In Kirk Lougheed & Jonathan Matheson (eds.), Epistemic Autonomy. London: Routledge (2020)
AbstractThe philosophical significance of attitudinal autonomy—viz., the autonomy of attitudes such as beliefs—is widely discussed in the literature on moral responsibility and free will. Within this literature, a key debate centres around the following question: is the kind of attitudinal autonomy that’s relevant to moral responsibility at a given time determined entirely by a subject’s present mental structure at that time? Internalists say ‘yes’, externalists say ’no’. In this essay, I motivate a kind of distinctly epistemic attitudinal autonomy, attitudinal autonomy that is relevant to knowledge. I argue that regardless of whether we are externalists or internalists about the kind of attitudinal autonomy that is relevant for moral responsibility, we should be externalists about the kind of autonomy that a belief must have to qualify as knowledge.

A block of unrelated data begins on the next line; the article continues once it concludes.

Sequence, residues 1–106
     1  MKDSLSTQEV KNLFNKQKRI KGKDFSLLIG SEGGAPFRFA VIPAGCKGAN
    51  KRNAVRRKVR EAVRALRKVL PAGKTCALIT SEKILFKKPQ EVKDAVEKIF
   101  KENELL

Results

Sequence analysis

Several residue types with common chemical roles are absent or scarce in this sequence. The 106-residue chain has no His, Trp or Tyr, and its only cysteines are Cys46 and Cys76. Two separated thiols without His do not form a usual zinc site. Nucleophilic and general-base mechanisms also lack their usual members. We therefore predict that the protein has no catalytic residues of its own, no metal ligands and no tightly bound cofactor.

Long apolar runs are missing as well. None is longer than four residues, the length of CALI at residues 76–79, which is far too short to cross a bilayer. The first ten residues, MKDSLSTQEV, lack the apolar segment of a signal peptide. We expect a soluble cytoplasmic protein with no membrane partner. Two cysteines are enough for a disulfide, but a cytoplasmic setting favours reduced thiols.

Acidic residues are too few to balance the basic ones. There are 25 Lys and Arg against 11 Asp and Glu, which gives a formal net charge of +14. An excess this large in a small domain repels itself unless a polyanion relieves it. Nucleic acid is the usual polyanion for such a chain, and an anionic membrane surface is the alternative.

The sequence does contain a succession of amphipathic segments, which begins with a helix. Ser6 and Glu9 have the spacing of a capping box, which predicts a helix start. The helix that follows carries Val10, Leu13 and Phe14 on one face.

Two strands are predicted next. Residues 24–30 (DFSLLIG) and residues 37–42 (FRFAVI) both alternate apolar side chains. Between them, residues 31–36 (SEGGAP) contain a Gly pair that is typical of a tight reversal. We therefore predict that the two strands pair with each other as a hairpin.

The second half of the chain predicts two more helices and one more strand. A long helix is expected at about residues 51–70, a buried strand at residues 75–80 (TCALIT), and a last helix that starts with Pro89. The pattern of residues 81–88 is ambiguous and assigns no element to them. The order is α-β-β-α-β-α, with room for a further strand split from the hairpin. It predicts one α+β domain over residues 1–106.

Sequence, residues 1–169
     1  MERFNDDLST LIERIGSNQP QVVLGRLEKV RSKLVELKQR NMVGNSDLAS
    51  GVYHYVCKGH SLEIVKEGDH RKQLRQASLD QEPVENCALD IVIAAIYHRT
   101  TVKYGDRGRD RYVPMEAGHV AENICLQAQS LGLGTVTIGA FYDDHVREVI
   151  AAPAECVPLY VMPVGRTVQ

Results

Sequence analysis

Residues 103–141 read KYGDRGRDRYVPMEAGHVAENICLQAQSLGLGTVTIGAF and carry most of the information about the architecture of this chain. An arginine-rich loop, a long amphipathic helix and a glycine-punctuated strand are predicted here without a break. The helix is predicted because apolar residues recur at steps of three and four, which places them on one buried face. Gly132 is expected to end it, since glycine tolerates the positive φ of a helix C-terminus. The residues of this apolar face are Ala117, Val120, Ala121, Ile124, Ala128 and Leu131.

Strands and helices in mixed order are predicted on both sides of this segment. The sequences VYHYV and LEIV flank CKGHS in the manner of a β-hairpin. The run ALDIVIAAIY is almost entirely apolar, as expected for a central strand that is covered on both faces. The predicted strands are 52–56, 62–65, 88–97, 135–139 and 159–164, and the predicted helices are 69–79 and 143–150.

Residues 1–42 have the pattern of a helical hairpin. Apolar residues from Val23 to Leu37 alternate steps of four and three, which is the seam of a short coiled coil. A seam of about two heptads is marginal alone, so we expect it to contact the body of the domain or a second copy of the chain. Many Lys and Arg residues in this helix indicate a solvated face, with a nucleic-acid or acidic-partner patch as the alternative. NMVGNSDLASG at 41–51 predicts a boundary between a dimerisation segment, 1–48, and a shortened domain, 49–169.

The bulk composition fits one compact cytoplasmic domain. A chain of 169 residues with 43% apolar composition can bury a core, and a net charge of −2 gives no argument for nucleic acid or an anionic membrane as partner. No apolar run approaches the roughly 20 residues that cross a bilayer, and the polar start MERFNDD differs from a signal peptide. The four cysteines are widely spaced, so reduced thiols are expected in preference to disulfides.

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References found in this work
Responsibility and Control: A Theory of Moral Responsibility.John Martin Fischer & Mark Ravizza - 1998 - Cambridge University Press.
A Virtue Epistemology: Apt Belief and Reflective Knowledge.Ernest Sosa - 2007 - Oxford University Press.
What is Justified Belief?Alvin Goldman - 1979 - In George Pappas (ed.), Justification and Knowledge. Boston: D. Reidel. pp. 1-25.
Achieving Knowledge: A Virtue-Theoretic Account of Epistemic Normativity.John Greco - 2010 - Cambridge University Press.